Okay, so, did we actually need Baselworld? For a time, most definitely yes. For media and retailers alike, Baselworld, and later SIHH – Richemont’s answer to Baseworld – were one-stop shopping destinations that set the tone for the rest of the year. Editors could gorge themselves on interviews with brand executives, while their photographers loaded up on shots of all the latest and greatest the industry had to offer, all for time-lapse distribution on the pages of their magazines in the months to come.  For retailers, it was a chance to take the temperature of the industry and determine what’s hot and what’s not before they opened the checkbooks and decided which brands would grace the counters and vitrines of their rarified boutiques.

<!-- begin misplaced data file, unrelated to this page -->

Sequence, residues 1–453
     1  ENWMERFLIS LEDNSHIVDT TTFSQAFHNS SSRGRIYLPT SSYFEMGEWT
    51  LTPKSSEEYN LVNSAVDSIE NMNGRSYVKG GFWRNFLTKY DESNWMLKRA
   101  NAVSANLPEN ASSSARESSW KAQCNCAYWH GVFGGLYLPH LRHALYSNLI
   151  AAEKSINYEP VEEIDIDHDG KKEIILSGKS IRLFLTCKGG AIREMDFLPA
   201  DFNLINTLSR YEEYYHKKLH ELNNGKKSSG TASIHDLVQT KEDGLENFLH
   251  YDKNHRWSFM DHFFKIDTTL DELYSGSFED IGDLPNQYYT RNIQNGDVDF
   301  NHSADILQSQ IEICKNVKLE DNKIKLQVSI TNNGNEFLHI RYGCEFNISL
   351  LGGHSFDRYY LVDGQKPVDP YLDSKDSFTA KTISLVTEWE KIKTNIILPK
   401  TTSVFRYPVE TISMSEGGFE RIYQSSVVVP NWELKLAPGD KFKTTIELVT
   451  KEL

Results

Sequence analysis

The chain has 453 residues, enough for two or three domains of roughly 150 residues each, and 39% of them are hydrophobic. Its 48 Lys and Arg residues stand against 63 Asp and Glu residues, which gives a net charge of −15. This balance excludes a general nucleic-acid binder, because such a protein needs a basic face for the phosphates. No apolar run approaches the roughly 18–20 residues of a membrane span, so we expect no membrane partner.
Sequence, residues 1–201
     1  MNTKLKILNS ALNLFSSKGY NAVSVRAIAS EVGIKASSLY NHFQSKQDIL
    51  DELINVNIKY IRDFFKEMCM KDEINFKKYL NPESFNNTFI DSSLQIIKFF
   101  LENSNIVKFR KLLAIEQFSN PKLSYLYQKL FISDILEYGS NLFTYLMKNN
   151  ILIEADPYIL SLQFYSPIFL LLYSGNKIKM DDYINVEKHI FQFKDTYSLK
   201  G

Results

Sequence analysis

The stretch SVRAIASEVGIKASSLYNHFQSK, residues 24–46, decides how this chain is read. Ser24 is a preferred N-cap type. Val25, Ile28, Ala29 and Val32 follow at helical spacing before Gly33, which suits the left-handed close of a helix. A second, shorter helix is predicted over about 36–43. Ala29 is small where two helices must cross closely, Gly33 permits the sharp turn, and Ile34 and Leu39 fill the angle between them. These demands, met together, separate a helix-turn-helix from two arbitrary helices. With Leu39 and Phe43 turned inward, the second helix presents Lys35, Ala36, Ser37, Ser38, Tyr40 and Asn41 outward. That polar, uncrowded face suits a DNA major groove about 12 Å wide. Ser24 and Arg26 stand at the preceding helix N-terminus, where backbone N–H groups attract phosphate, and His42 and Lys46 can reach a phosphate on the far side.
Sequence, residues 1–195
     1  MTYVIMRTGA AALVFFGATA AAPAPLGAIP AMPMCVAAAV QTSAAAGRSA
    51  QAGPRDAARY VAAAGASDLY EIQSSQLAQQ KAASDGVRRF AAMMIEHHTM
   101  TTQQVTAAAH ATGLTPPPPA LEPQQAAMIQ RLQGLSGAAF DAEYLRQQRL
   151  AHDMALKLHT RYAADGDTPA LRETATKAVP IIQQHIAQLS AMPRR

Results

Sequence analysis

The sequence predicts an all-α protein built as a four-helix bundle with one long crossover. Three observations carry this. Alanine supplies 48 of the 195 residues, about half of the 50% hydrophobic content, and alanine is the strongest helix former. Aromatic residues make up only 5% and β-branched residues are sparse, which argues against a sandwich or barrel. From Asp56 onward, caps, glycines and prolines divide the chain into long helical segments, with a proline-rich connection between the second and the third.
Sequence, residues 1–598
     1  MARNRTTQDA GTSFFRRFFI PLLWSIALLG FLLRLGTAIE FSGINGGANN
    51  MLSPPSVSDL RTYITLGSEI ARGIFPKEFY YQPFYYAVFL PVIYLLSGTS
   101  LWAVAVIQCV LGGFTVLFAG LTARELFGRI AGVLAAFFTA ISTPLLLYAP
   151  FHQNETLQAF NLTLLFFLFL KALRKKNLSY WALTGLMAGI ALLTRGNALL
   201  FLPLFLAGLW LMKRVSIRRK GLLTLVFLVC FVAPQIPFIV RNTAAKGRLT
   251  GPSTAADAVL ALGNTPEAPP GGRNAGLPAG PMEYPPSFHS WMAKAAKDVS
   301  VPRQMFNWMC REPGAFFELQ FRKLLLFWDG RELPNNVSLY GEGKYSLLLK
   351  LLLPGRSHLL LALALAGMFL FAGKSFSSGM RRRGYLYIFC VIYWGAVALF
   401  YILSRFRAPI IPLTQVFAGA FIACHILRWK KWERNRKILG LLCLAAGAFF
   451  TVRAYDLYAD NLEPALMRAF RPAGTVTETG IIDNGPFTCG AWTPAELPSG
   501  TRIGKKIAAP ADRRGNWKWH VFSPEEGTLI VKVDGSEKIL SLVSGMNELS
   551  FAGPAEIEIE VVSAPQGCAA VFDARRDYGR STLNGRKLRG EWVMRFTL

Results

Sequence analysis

Of course, this state of affairs wouldn’t last forever. Thanks to the relentless march of technology, PR arms of the various brands could beam electronic press kits directly into email inboxes the world over. These kits contained glamour shots from every possible angle, press releases in every possible language, and all the technical details one could possibly hope for. Fast forward a bit more, and now live video chats brought the brand executives and technical directors straight to your computer. What once required plane tickets, hotel accommodations, labyrinthine scheduling, and an Olympian’s stamina could now be taken in stride in the comfort one’s office or home. Given the immense savings in time and money, how much longer could the venerable trade show last?  Quite a while, as it would turn out, but, at least in Baseworld’s case, time was running out.

Courtesy of Baselworld